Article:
Spreading Standard

Pro Tour Champ Ari Lax spent his weekend with a deep run at the latest Standard battleground! The format is starting to shrink down to just a few decks at the top…or is it? Ari provides what he believes to be the force secretly driving the format and what it means about its future!

Seven W/U Flash, four R/W/x Vehicles, four B/G Delirium, one R/B Zombies.

Despite what Grand Prix Providence and Grand Prix Kuala Lumpur seems to insinuate with only four archetypes between sixteen top decks, this is a very open Standard format. I chose to play Mardu Vehicles, not because I thought it was the end best deck in the format or even the absolute best deck for the week, but because four days post-Pro Tour wasn’t enough time to refine the more raw ideas I had and Mardu was simply good enough.

Standard right now is secretly driven by mana. There are a lot of strong cards in the format with small synergies that boost them up, but at the same time there aren’t a ton of full-deck build-arounds that force you to play a ton of raw synergies. When you account for the number of Spell Quellers floating around, the number of these all-in decks falls even further (Aetherworks Marvel can’t beat W/U Flash, to give one example).

Once you realize your deck is a combination of packages without a true linear gameplan, the reason mana matters so much becomes clear. You aren’t tied to any given configuration of spells. You can pick and choose what spells beat the flavor of the week and go for it.

Let’s lay out the rules of the mana:

The allied-color core of Battle land plus Shadow land has a very specific place. You have to want to be playing specific allied-color cards, but also be very much based in one color and not want to splash the enemy of that color. You also have to have good reason to not want to play Aether Hub, which usually is not having energy production on-color and also having basically no use for colorless mana.

Enemy colors…. that’s a completely different story. There are multiple configurations here.

The first is similar to what you see in Mardu Vehicles. If you commit to being able to function off three mana, you can get completely wild. You effectively have untapped two-color lands in the fastlands, allowing you to pull off decks like Lee Shi Tian’s R/W double splash Vehicles easily.

Playing the Battle for Zendikar creature-lands limits your mana a lot more than the “Mardu Vehicles” style of mana. You can still get three colors, but it isn’t completely free. You actually need to do work on your numbers to make it happen. The Pro Tour Kaladesh finals were perfect examples of this. You can either be base-allied color and splash the third enemy in a wedge like Carlos Romao or base-enemy colors splashing the middle to make a wedge like Shota Yasooka. Also worth noting is that you can’t expect to perfectly curve out with either of these configurations, but you can make untapped mana at specific times to cast early spells.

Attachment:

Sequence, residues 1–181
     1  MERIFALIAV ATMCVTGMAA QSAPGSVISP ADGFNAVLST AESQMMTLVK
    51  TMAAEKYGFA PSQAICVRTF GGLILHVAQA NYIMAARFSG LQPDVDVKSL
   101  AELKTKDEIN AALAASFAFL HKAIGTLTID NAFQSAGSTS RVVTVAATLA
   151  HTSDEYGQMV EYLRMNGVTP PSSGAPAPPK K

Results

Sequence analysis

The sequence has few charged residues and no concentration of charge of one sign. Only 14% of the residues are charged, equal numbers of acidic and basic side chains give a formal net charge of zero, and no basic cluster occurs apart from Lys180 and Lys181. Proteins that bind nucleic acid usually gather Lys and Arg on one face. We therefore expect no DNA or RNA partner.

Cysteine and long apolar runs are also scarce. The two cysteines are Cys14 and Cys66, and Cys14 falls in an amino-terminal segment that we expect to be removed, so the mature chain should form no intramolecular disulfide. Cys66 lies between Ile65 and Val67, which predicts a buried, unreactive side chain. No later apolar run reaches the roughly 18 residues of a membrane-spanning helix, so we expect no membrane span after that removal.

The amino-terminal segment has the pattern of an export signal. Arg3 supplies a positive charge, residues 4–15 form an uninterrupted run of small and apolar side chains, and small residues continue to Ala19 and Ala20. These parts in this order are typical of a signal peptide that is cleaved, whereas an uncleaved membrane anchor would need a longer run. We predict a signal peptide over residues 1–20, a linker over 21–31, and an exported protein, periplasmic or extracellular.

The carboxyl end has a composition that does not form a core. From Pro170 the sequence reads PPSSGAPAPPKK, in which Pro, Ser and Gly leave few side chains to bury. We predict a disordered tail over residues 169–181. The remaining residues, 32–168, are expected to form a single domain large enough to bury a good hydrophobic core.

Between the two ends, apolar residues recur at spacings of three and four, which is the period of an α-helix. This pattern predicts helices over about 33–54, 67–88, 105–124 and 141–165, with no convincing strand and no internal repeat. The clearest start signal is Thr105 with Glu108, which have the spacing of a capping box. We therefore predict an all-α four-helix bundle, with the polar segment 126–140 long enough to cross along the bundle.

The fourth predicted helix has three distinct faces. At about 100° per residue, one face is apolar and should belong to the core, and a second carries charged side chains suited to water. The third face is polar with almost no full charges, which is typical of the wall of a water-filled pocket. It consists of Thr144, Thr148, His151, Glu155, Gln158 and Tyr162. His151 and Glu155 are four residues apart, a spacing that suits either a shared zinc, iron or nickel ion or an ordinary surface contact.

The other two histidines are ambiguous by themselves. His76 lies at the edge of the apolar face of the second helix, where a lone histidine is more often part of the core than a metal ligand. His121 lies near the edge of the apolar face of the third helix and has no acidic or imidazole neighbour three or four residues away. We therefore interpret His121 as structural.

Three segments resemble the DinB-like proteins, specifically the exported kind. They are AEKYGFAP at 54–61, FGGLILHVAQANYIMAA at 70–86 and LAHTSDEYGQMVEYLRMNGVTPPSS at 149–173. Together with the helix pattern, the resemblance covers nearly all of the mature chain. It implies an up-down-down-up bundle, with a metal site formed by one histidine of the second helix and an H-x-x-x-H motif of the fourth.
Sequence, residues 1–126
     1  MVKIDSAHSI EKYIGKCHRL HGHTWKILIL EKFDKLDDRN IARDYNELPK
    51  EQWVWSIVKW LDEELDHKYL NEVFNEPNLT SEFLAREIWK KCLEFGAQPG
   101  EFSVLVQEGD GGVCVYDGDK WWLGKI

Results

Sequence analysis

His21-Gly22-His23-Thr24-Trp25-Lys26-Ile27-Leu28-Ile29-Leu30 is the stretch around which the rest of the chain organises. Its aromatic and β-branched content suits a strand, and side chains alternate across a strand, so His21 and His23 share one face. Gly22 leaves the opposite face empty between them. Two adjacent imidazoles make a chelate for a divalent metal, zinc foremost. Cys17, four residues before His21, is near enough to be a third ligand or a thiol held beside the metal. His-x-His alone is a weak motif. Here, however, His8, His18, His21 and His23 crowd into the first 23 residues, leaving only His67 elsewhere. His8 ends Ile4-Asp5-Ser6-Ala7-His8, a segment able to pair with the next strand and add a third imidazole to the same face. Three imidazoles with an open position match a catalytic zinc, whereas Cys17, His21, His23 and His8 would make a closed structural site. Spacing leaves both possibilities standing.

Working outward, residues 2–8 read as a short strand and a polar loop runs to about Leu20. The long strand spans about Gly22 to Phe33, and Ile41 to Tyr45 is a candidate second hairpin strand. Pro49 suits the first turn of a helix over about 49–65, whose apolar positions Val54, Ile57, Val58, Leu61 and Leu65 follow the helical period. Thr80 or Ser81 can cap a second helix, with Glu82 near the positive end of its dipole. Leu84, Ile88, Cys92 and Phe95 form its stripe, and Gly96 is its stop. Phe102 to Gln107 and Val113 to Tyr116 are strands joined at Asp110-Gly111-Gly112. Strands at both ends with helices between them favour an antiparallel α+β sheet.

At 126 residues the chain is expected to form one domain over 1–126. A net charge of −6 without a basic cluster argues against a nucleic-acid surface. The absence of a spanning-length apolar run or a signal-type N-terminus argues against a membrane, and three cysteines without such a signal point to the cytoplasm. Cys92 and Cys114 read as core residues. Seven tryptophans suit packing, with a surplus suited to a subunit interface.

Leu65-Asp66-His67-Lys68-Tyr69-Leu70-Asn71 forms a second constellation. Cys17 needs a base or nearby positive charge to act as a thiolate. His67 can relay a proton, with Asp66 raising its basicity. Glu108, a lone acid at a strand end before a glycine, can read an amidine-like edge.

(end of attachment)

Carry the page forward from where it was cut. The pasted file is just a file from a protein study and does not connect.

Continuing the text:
Now let’s talk about some of those powerful cards and the synergies between them. These are all definite good things, but they all have unexplored ground that the mana in the format opens up.

At least for this weekend, the biggest driver of the Standard metagame was Selfless Spirit plus Archangel Avacyn. As we saw basically all last rotation, being able to transform Archangel Avacyn is absurdly powerful.

While W/U Flash looks like a clunky midrange deck in the face of one-mana 3/2 Toolcraft Exemplars, Archangel Avacyn is the card that lets you eventually catch up. Once it transforms, you have control. While it looks like a deck that would struggle if the battlefield starts clogging up with Spider tokens or similar cards, it can break through.

There’s no reason a similar but different deck can’t do the same.

Archangel Avacyn’s transform trigger also plays well with threats that survive the three-damage sweep. Foremost of these is Gideon, Ally of Zendikar, with Smuggler’s Copter not far behind. I’m also interested in Scrapheap Scrounger as a threat that comes back from the dead post-transform to crew your lingering Vehicles.

Scrapheap Scrounger brings us to black. Black is the actual direction I wanted to discuss, because there is an amazing black card that plays very well with a three-damage sweeper.

That card is Kalitas, Traitor of Ghet. Kalitas is not only a massive blowout if you transform Archangel Avacyn via making tons of Zombie tokens and surviving, but it is also another way to transform Archangel Avacyn by sacrificing a previous Zombie token. This might be a bit of a win-more, but sadly I couldn’t find a natural Zombie or Vampire to sacrifice that I actually wanted to play. Asylum Visitor is close but also quite bad.

This list is definitely a bit off on some numbers like land count, artifacts, and removal count, but there’s some weird stuff that is really interesting. The one I like the most is that you can transform Archangel Avacyn via the legend rule with your multiple non-Angel legendary creatures. These aren’t quite as immediate as the free sacrifice of Selfless Spirit, but an end-step Archangel Avacyn into “untap, set up a trigger” isn’t that terrible. It is very possible three or even four Kambal, Consul of Allocation is right in large part because of this interaction. Also worth noting is that you can +1 Gideon, Ally of Zendikar; attack; and then cast another Gideon and keep the new one to get a trigger.